The year in review

December 26, 2004|by TIM ROWLAND

Jan. 1 - As the world's greatest democracy celebrates the dawn of another presidential election year and 10 months of campaigning and political babble, social workers spend the first day of 2004 talking the American public down off a ledge.

· In the spirit of the new year, members of the Washington County Hospital board and Hagerstown City Council resolve to set aside their differences and cooperate to bring the residents of Washington County the finest health-care facility imaginable.

Jan. 7 - Saying "I never touched her, not once," Washington County Commissioner John Munson is found innocent of assaulting a clerk at a cell phone store, although he acknowledges throwing the phone across the showroom.

Jan. 15 - Before being recognized as a prank and pulled from its Web site, an eBay auction attracts 56 bidders and a $100 million high offer for the "entire state of West Virginia."


· In the spirit of cooperation, an attorney for the county hospital board accuses the city council of "distorting and ignoring information" about the design of a new hospital at Robinwood.

Jan. 20 - Trying to stem the tide of disorderly conduct, four local municipalities enforce an 11 p.m. curfew that applies to teenagers and Washington County Commissioner John Munson.

· In keeping with the national sentiment against higher taxes, the Charles Town (W.Va.) City Council proposes a $13,430 fee on new homes.

Jan. 21 - A Maryland Division of Corrections study finds the Hagerstown prison complex needs fewer correctional officers and more counselors and social workers.

· In keeping with the national sentiment against higher taxes, the Washington (Pa.) Township Supervisors propose a $300-per-home fee for recreation.

· After voicing concerns that a new hospital will make health care unaffordable for the elderly, the City of Hagerstown charges an 86-year-old woman a $233 fee for shoveling snow off her sidewalk.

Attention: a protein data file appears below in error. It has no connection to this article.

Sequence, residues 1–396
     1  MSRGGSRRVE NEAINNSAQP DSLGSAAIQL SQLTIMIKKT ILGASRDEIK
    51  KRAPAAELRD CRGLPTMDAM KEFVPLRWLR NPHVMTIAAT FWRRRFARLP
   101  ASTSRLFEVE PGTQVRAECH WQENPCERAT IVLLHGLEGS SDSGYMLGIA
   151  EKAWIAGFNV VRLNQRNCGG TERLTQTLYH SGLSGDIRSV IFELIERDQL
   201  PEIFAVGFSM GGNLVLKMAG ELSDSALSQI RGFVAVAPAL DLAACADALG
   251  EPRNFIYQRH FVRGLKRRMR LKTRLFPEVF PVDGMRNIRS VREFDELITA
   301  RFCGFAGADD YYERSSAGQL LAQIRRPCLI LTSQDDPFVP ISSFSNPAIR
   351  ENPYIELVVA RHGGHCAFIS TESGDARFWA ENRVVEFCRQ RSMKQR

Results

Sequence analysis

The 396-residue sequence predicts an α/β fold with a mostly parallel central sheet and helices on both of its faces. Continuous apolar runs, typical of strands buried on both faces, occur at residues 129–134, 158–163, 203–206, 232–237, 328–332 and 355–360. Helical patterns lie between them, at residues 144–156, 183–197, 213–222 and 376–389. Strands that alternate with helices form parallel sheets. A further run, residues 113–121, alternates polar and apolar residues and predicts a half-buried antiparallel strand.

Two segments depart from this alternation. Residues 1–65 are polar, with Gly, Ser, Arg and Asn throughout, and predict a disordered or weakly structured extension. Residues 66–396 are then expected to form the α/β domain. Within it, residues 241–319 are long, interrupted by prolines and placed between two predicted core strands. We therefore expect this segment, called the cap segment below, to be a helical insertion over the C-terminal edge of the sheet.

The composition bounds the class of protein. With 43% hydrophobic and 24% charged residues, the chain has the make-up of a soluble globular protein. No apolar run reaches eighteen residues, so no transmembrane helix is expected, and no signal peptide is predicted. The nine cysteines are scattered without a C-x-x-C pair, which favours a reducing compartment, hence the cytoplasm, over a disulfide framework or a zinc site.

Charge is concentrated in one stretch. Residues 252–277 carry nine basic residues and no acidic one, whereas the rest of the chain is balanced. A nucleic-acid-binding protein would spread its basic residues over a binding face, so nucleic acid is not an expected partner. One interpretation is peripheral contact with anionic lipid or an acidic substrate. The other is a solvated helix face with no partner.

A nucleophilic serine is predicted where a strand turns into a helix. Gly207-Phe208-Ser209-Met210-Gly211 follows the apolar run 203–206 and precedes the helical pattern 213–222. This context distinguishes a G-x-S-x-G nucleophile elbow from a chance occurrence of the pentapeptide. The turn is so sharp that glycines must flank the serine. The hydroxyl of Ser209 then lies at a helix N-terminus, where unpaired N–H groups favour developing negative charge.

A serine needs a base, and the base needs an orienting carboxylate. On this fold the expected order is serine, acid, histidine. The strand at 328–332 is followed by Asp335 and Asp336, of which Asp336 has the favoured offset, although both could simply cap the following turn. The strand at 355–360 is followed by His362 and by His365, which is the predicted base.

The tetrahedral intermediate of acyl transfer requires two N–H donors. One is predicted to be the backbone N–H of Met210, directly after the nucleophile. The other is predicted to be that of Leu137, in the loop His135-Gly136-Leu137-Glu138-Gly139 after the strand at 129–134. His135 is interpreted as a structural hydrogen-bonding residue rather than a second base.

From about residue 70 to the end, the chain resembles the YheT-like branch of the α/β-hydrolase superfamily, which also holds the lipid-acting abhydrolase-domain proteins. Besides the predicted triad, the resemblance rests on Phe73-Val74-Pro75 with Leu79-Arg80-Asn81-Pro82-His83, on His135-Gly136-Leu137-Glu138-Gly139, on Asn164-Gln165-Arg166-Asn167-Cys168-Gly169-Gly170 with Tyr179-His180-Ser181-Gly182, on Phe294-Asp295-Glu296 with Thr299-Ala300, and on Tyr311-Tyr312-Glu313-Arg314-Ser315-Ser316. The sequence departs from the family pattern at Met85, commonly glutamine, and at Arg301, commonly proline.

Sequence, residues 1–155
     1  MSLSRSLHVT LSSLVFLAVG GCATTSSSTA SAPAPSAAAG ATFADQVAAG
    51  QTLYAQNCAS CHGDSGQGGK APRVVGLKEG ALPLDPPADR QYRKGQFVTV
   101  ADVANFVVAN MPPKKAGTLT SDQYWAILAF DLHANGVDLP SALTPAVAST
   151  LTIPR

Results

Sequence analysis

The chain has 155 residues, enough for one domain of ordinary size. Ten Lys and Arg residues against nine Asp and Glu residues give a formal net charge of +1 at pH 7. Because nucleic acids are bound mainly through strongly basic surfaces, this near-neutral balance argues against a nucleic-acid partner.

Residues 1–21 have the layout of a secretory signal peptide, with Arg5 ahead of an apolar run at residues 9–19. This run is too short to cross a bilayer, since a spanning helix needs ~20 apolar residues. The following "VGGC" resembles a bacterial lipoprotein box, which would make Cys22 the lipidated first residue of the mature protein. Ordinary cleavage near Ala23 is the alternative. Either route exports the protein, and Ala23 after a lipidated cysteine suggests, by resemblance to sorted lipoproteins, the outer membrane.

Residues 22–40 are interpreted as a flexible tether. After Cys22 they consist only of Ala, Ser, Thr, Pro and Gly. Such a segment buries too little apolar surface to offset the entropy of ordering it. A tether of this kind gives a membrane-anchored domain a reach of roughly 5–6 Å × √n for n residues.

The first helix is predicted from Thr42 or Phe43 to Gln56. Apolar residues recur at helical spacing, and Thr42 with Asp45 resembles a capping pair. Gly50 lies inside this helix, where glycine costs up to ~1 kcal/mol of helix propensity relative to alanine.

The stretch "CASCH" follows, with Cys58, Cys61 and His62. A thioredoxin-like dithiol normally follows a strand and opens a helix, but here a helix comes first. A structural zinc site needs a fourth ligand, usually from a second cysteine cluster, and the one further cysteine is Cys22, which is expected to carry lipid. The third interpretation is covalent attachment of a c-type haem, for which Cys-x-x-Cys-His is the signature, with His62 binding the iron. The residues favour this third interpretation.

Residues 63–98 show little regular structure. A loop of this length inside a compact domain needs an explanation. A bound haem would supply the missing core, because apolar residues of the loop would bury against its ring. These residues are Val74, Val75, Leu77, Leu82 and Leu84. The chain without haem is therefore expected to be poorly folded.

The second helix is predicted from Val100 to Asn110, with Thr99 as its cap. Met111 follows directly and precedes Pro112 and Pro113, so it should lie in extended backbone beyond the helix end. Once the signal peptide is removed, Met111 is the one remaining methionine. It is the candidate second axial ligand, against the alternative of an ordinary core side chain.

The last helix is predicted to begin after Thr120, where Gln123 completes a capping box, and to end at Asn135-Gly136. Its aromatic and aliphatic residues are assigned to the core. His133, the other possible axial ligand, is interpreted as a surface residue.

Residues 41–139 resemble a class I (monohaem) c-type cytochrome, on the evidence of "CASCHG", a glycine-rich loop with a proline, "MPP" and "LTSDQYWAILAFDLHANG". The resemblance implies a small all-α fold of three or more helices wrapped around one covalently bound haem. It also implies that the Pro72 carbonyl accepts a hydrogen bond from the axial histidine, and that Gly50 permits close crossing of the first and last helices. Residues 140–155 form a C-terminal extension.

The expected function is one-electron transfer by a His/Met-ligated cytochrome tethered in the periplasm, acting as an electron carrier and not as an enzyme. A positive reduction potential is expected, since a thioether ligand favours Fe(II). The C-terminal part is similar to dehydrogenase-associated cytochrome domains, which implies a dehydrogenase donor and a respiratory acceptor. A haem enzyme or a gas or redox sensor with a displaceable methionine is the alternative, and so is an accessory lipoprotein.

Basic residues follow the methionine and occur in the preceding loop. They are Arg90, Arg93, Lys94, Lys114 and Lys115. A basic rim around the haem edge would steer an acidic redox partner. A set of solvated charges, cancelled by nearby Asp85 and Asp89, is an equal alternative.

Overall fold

Feb. 2 - After having his car stolen, Sen. Alex Mooney introduces legislation that would cost $500,000 for a statewide stolen car database.

· In keeping with the national sentiment against higher taxes, the State of Maryland proposes tolls on Interstate 81, and the Washington (Pa.) Township supervisors consider a $1,000 to $5,000 impact fee on new homes.

· Pandemonium breaks out at a group counseling session at the Hagerstown prison complex after the inmates' "inner child" tells them to riot.

Feb. 4 - Complaining of wheel-spinning and inaction, the Washington County legislative delegation calls for the breakup of the PenMar Development Corp.

· Gambling proponents in Annapolis argue that revenue generated by slot machines could help the government offset money it spends on food-stamp programs for people who have lost their grocery money gambling.

Feb. 15 - Frederick County Prosecutor Scott Rolle enters the 6th District congressional race, charging that incumbent Roscoe Bartlett is "too liberal."

· A Hagerstown couple takes in a deer it found injured near the highway and names him "Bucky."

Feb. 17 - The restaurant chain Ground Round abruptly closes the doors of its East Coast franchises, laying off 50 people in Hagerstown and forcing diners in Frederick to leave in the middle of their dinners. The move is immediately criticized by Frederick County Prosecutor Scott Rolle, who calls Ground Round officials "too hospitable."

· Complaining of wheel-spinning and inaction, the PenMar Development Corp. calls for the breakup of the Washington County Delegation.

Feb. 19 - After receiving a traffic ticket when his car is photographed running a red light, Sen. Alex Mooney introduces legislation banning intersection surveillance cameras.

· The Maryland Department of Natural Resources threatens to kill Bucky the Deer to test him for disease, a move that is immediately criticized as "too sensitive" by Frederick County Prosecutor Scott Rolle.

· In ominous news for the supermarket industry, Alex Mooney's car is hit by a shopping cart.

Feb. 25 - After calling the Venice Inn on Dual Highway "a piece of Americana," an auctioneer accepts the lone bid for its 99-year lease in the amount of $100. Scott Rolle starts to call the bid "too generous," but is interrupted by the Department of Natural Resources, which takes him away for disease testing.

· With little fanfare, Williamsport High School students build a radio-controlled robot they name "Kitty."

Feb. 28 - Vice President Dick Cheney visits Hagerstown, where he is assured there are no weapons of mass destruction, with the possible exception of John Munson's cell phone.

· Auctioneers trace the winning bid for the Venice Inn to a middle-school student who goes by the name of "Little Butch." In anti-tax news, the Washington County School Board charges fees for youth groups to use school gymnasiums.

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